Armed for the first time with the Meteor, they escorted the Russian aircraft that many believe to be the Russian long-range Tupolev Tu-160 "Blackjack" strategic bombers.

Before approaching U.K. airspace, the Russian military aircraft were intercepted and escorted by Royal Norwegian Air Force F-16s.

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The Tu-160s flew on to Venezuela where they joined other Russian military aircraft in a high-profile show military force.  Russian officials announced the bombers were participating in combined operational flights with the Venezuelan Air Force and that they were preparing to defend Venezuela when it is needed.

(MBDA)

This is the latest in a pattern of increased Russian military aircraft activity prompting RAF Typhoon fighter jets to intercept.

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What is a ramjet?

Rather than the typical rocket motor, Meteors rely on ramjets for propulsion. A ramjet engine provides a simple, light propulsion system for high-speed flight.

The Meteor uses a solid fuel, variable flow, ducted rocket approach giving it a significant boost in power, increase in range and supporting precision at long ranges.

Ramjets are air-breathing engines that are known for delivering remarkable speeds exceeding Mach 3 and even beyond Mach 6 in some cases.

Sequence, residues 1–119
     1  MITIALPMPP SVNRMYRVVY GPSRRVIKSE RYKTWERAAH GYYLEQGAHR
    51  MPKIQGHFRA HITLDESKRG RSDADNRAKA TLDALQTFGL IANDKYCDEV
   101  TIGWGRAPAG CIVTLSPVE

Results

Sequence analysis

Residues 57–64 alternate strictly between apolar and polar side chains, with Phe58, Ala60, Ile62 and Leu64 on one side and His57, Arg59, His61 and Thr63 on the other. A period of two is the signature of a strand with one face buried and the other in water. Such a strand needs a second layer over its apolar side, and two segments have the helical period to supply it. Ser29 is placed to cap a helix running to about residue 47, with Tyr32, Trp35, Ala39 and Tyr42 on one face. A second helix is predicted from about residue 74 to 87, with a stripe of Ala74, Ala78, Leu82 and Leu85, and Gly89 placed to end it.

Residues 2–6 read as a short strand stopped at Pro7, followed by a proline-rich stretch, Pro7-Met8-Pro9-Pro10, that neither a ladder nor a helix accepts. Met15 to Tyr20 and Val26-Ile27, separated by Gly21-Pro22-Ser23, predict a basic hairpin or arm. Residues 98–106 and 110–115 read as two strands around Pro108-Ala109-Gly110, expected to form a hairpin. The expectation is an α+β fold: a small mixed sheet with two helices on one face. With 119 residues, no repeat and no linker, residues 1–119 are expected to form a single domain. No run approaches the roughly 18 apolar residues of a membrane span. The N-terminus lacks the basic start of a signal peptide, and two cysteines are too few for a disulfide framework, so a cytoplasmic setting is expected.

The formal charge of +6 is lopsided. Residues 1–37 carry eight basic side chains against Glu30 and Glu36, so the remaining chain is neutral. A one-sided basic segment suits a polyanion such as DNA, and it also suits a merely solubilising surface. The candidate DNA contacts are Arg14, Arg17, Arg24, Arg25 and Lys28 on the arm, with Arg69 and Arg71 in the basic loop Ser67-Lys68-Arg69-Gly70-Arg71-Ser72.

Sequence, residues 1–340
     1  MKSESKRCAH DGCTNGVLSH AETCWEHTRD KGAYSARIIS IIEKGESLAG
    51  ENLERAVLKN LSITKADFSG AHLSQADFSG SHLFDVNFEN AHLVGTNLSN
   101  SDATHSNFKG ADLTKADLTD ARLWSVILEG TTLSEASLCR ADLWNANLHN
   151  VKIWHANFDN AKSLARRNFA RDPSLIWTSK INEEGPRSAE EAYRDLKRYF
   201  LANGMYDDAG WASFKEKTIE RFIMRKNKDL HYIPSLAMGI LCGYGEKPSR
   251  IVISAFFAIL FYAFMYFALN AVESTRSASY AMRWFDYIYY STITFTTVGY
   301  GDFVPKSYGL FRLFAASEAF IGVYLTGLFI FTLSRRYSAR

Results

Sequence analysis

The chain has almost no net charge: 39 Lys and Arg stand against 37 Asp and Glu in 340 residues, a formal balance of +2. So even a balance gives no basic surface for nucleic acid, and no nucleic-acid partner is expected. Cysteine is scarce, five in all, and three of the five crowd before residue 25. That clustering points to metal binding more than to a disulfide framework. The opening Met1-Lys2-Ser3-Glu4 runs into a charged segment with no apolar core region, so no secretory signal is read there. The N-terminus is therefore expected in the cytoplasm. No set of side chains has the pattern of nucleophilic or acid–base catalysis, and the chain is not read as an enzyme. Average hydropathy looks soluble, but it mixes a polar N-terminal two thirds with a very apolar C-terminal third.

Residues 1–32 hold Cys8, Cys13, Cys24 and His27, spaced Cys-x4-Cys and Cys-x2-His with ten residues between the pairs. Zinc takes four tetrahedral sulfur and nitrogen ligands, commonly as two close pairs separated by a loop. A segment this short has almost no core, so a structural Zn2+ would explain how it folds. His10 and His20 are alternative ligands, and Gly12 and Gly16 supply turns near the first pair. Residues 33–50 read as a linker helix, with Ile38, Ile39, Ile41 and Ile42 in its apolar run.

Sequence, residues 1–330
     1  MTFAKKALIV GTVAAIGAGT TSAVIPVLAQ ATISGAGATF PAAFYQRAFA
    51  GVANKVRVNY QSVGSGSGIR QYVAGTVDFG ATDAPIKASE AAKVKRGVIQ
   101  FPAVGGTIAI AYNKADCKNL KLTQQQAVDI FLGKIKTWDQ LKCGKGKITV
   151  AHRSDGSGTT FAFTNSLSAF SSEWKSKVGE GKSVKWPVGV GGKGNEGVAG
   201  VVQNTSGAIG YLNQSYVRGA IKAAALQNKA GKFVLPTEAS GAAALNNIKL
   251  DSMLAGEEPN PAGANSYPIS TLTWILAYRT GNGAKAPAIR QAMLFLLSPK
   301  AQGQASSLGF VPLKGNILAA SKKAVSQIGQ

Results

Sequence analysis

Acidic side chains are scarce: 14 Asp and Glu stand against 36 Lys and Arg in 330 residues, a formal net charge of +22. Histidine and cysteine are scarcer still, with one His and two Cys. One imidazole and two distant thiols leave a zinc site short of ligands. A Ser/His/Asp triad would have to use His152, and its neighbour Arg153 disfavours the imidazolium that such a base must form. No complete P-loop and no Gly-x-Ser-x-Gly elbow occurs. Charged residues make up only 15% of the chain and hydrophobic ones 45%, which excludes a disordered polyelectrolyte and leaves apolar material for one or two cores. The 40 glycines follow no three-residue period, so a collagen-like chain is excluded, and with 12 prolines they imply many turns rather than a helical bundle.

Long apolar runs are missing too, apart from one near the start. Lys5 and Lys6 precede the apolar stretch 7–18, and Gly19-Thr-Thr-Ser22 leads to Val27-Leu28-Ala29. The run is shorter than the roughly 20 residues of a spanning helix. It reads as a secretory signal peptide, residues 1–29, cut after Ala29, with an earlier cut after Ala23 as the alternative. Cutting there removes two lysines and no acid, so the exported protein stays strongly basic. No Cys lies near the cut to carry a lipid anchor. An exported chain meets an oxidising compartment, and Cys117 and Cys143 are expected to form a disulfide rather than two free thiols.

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Rockets burn onboard fuel whereas ramjets breathe air. This makes ramjet missiles suitable for firing in the atmosphere, but near or through space like rockets.

(MBDA)

Ramjets need to hit high speeds, say at about three times the speed of sound, to harness “ram pressure.” They use the air compression and shock waves yielded by the missile’s high speed.

Smart missiles

Each Meteor packs enormously destructive power into 418 pounds. The missiles are over 12 feet long and about 7 inches in diameter.

Meteors are Beyond Visual Range Air-to-Air Missiles or BVRAAMs.

The target does not need to be within the pilot’s visual range to be within range of a precise strike because Meteors are smart enough to locate their targets and conduct the attack on their own.

A highly advanced active radar seeker guides each missile against a range of targets. They do not need the pilot and advanced aircraft to guide them.

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However, pilots can communicate with the Meteor weapons. The pilot can intervene and re-direct the missile mid-flight or stop the mission if need be.